The coupling of design and numerical analysis in computational design assumes a one-directional forward schema from input to output. Forward systems provide limited interpretability of how the design system maps to the engineering response. Subsequently, the difficulty to keep track of cause and effect relationships results in an opaque cyclic feedback loop between design-generation and evaluation. Therefore, how can we afford better control over physical behaviour when synthesizing architectural design with engineering numerical analysis?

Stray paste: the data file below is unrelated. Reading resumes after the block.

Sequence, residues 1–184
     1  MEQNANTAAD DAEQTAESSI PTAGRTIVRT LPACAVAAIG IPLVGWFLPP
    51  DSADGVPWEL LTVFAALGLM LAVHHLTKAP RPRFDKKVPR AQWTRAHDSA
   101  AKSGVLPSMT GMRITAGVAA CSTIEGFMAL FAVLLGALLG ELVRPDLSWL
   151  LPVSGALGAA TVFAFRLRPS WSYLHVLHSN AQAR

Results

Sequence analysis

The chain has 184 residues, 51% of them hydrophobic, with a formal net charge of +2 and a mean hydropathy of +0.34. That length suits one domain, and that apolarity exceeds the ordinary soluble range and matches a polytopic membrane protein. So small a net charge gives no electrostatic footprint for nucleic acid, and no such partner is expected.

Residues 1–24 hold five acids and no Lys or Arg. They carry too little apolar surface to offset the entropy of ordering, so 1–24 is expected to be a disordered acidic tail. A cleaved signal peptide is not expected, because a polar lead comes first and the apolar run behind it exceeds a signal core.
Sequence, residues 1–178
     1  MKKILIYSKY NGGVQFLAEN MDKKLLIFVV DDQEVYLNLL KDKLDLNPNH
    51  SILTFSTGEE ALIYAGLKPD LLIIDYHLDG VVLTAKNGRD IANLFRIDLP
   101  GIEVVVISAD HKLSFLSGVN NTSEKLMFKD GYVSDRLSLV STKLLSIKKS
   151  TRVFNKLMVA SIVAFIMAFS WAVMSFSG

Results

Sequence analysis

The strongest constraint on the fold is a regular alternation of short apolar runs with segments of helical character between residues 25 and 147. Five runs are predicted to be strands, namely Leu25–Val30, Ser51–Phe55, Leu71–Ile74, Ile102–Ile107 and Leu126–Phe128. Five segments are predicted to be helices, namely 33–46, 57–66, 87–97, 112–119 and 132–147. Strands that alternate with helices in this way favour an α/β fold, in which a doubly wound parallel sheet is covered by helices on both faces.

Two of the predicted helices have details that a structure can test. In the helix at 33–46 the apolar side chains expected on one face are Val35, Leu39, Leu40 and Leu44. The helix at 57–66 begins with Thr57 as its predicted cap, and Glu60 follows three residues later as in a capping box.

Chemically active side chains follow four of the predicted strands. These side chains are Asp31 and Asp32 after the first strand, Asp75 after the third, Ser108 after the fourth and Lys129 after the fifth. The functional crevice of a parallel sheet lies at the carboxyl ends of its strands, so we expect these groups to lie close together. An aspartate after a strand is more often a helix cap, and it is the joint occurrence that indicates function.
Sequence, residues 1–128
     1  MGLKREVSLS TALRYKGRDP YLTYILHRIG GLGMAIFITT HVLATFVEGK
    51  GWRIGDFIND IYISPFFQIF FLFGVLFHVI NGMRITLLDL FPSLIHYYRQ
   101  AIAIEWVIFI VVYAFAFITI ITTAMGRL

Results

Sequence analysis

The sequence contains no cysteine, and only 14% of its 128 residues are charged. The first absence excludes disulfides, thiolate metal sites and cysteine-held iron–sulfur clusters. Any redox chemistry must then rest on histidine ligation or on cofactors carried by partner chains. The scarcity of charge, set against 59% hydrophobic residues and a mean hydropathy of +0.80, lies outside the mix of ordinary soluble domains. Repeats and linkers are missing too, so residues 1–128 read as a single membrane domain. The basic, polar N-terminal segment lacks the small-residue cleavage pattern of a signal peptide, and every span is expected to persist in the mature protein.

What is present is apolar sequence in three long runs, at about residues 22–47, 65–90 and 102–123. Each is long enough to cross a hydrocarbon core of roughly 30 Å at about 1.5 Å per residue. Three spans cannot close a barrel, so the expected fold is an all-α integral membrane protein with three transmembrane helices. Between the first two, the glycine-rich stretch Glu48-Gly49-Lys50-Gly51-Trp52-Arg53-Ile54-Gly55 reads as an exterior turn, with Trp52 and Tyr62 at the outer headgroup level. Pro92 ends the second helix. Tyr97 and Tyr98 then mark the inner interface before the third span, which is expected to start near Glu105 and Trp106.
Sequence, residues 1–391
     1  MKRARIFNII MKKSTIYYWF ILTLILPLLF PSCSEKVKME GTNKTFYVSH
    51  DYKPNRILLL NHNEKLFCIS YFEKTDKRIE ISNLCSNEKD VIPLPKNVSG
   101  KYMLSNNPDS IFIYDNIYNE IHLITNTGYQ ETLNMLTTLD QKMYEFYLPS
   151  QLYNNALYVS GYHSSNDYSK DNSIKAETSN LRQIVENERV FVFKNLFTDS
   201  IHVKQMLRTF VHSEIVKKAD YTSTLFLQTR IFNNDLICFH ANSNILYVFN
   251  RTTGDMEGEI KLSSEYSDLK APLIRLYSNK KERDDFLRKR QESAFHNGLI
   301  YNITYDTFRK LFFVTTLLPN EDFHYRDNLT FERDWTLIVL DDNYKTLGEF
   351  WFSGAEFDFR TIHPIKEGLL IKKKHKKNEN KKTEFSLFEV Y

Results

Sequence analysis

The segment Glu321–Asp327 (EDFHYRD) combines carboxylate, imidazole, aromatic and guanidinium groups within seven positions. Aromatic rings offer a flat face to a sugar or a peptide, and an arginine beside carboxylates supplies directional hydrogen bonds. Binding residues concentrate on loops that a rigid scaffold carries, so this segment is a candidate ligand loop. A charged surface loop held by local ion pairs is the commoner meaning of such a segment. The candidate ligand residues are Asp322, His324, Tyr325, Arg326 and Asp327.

In response, Zack’s research borrows methods from statistics and artificial intelligence to facilitate and promote knowledge-inference, in the human-computer relationship. His PhD thesis introduces ‘Bayesian inference’, borrowed from the field of probability, as a concept to facilitate the interpretability of engineering responses from numerical analysis, with focus on finite element analysis. The novelty of the approach presented in the research lies with the notion of bi-directional reasoning; in other words, the inverse facility to infer how the inputs generate an output response of interest. The research found that the capacity to reason about inverse scenarios within a probabilistic representation enables to narrow down a vague understanding of a design space into the meaningful regions of interest. In conclusion, the thesis demonstrated how the concept of Bayesian inference in a design space setting can serve as a powerful translational mechanism between the architectural design and engineering domains.